|Processing coal at Vinacomin's Nui Beo Coal Company. Vinacomin plans to sell around 40 million tonnes of coal and reduce inventories this year. — VNA/VNS Photo Ngoc Ha
HA NOI (VNS) — The Viet Nam Coal and Mineral Industries Group (Vinacomin) plans to sell 39-41 million tonnes of coal while reducing the volume of coal in stock in the latter months of this year.
The goal is in reach, as Vinacomin has inked a deal to export approximately 3 million tonnes of coal in the fourth quarter and the local demand was expected to increase in the coming time, the group said in its report on nine months' performance.
Vinacomin general director Le Minh Chuan, however, said over the past nine months, the group has encountered many difficulties, with slow power sales due to sinking exports being the biggest.
The period also saw a slump in the volume of coal sold to households, as hydro-electric plants, owned by Electricity of Viet Nam, had operated at full capacity while coal power plants did not.
Difficulties brought by natural resources taxation, policies on environment and labour shortages have also caused headaches, Chuan said, adding that the group had no choice but to cut costs and reduce prices.
In the January-September period, Vinacomin had shipped 8.4 million tonnes of coal abroad, representing a year-on-year decrease of 13 per cent, or fulfilling only 53 per cent of the target set for this year. This has resulted in 7.8 million tonnes of coal in stock.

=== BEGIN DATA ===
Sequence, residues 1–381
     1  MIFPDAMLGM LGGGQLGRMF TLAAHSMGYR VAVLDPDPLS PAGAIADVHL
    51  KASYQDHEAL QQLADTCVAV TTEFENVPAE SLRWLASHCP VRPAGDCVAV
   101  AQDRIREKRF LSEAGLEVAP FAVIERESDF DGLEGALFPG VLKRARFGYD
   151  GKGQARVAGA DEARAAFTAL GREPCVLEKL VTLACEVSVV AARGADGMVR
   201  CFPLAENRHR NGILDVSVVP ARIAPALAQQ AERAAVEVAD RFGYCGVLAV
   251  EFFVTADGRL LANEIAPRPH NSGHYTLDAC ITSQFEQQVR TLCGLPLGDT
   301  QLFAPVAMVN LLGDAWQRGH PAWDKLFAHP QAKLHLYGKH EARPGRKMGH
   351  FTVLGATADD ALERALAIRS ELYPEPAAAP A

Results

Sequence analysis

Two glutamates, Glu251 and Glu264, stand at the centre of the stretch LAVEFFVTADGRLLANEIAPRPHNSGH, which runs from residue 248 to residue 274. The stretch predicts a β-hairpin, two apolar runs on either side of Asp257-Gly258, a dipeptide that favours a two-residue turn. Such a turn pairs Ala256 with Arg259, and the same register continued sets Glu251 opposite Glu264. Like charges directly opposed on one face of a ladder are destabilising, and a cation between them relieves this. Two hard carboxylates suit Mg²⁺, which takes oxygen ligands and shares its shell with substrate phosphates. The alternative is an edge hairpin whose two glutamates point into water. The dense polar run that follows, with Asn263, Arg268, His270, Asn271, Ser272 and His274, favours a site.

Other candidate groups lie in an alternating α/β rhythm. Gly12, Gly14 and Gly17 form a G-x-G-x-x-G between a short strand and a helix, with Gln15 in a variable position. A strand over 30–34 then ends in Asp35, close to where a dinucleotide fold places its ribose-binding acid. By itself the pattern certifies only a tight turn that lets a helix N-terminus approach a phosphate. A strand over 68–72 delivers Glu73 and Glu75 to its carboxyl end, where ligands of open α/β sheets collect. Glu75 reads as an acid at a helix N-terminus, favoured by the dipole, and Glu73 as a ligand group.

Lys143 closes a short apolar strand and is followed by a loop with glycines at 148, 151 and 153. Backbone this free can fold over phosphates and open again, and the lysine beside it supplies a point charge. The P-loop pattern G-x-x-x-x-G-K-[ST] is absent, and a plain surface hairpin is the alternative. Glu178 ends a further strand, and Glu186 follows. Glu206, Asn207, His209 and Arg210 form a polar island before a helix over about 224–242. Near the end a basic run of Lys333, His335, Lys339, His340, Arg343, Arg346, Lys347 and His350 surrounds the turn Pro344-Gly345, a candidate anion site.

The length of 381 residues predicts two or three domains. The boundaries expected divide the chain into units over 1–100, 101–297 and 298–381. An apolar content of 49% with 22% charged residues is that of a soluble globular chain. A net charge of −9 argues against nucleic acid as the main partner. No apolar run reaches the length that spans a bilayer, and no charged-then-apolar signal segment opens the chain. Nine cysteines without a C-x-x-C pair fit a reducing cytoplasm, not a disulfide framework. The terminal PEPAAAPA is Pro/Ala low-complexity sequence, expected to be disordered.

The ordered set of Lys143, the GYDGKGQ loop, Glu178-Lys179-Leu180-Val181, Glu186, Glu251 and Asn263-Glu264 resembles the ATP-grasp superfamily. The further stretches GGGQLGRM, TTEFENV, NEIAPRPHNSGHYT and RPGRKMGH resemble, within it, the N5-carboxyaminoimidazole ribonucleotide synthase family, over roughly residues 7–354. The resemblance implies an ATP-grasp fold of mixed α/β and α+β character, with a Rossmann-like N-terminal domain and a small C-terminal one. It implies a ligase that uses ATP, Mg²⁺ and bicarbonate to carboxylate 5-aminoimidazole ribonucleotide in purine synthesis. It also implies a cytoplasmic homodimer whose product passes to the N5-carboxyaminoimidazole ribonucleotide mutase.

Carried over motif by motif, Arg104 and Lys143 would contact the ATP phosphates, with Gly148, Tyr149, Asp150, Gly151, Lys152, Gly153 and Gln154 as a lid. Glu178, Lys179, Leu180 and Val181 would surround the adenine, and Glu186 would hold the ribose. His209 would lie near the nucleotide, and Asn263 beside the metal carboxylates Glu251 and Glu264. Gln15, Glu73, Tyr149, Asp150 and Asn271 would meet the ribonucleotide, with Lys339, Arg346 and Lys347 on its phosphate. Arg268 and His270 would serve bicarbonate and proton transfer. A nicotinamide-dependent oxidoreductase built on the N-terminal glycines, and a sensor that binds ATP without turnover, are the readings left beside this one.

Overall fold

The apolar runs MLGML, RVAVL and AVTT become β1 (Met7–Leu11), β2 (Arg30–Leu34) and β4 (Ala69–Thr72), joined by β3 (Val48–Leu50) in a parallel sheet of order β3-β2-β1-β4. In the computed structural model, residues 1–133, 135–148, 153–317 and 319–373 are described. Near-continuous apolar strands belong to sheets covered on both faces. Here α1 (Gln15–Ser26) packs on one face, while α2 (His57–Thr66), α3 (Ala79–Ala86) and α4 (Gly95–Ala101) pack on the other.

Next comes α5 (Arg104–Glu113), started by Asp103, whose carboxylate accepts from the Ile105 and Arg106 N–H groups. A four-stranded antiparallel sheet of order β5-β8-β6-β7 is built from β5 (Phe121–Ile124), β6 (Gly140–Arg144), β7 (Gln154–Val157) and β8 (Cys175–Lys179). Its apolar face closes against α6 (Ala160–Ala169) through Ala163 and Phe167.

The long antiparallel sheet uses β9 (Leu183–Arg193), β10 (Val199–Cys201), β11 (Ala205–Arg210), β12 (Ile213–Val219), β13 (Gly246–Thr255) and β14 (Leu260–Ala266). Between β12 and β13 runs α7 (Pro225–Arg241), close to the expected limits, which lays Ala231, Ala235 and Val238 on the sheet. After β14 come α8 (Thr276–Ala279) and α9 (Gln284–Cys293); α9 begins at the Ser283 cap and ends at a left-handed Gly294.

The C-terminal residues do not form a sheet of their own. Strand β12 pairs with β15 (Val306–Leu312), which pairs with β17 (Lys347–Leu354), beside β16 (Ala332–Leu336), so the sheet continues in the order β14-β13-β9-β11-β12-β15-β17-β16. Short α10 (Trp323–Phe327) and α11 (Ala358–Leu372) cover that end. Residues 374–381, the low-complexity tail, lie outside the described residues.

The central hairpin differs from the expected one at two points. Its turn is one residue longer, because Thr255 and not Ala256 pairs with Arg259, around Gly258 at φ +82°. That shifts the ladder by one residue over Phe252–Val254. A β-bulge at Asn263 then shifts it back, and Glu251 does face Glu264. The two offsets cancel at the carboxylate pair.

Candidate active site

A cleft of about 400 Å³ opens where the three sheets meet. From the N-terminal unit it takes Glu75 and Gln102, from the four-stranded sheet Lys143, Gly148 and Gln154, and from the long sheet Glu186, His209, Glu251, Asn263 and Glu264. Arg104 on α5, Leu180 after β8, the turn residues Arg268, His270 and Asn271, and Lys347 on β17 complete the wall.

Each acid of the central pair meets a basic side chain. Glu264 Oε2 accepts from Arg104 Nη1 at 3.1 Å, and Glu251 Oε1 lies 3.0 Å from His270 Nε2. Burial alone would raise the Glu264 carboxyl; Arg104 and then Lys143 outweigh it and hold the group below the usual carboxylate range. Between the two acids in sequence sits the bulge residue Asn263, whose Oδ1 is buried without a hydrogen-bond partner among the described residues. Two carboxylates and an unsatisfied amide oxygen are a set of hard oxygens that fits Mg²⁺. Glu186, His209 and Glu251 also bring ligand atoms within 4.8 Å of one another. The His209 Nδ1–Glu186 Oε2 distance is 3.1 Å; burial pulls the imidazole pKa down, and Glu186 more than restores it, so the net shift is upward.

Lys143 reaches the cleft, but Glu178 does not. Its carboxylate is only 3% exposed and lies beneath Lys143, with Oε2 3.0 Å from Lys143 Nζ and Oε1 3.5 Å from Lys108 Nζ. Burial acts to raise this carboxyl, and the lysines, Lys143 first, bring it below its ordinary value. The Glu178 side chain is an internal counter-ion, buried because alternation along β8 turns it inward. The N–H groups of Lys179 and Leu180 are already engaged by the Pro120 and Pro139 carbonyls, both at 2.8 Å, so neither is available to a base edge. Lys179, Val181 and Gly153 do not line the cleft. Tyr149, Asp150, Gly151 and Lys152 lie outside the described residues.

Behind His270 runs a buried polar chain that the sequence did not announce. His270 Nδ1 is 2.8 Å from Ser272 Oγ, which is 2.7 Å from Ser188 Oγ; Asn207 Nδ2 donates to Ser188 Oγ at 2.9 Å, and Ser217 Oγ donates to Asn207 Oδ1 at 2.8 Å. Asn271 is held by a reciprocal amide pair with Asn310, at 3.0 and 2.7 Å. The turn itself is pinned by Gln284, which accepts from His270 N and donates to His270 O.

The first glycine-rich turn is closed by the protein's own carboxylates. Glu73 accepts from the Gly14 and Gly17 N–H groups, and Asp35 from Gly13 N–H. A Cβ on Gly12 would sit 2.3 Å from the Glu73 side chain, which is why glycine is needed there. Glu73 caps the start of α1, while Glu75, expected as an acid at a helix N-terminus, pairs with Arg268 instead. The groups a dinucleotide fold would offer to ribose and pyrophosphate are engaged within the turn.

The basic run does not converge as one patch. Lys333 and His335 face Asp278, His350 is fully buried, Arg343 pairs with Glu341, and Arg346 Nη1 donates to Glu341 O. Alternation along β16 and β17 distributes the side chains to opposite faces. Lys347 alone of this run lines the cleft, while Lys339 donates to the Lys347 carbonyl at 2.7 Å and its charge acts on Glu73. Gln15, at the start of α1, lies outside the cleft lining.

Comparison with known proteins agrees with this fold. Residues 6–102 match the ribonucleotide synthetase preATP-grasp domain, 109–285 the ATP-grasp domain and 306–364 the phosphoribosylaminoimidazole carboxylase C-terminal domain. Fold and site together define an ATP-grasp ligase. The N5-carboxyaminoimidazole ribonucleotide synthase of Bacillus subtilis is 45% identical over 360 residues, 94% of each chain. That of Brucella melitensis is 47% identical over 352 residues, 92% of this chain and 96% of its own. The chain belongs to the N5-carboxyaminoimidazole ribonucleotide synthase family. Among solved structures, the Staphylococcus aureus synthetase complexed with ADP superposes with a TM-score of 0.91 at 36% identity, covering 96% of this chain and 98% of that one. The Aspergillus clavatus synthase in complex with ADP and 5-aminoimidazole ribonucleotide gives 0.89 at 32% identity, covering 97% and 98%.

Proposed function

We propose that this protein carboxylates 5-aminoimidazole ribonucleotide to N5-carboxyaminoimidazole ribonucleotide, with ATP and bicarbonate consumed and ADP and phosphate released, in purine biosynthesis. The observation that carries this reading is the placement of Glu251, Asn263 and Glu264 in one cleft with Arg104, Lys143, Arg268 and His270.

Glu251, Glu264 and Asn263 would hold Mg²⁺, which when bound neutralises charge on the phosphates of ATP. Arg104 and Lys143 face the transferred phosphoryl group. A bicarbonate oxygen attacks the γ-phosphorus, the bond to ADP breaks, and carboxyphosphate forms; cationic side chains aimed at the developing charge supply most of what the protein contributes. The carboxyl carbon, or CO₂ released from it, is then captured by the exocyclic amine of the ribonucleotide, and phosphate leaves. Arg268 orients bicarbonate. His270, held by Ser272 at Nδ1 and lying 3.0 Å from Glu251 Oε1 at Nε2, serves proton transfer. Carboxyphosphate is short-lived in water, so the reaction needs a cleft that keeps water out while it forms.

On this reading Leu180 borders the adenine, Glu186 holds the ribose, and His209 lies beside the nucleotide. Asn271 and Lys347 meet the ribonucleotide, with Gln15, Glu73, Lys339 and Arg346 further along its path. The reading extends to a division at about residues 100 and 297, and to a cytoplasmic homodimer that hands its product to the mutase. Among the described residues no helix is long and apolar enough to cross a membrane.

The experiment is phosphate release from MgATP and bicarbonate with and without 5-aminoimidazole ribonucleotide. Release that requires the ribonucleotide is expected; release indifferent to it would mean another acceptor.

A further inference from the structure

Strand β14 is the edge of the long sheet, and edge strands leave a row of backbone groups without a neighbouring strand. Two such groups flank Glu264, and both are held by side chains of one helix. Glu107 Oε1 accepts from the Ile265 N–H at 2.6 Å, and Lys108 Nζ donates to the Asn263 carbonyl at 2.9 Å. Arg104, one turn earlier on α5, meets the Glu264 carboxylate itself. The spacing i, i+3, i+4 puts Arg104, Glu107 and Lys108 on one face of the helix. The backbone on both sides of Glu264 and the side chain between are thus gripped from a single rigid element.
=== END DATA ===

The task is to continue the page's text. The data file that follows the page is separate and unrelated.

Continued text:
During the period, Vinacomin also reported a VND38 trillion (over US$1.8 billion) revenue on coal.
Last month, the Ministry of Finance decided to cut the coal export tax from 13 per cent to 10 per cent in a move to help coal producers reduce their high stockpiles.
The move was made following a Vinacomin proposal. The group asked the Government to revoke a July hike in export tariffs, saying it had made a disastrous impact on its business.
According to the group, since the Government raised the coal-export tax from 10 per cent to 13 per cent in July, its coal export volume has dropped to only 120,000 tonnes a month, equal to a tenth of the previous amount.
The group said the rise in tariffs meant that export prices had to increase significantly.
Taxes and fees now make up 30 per cent of the production cost of export coal, and 20 per cent of coal sold to domestic customers. — VNS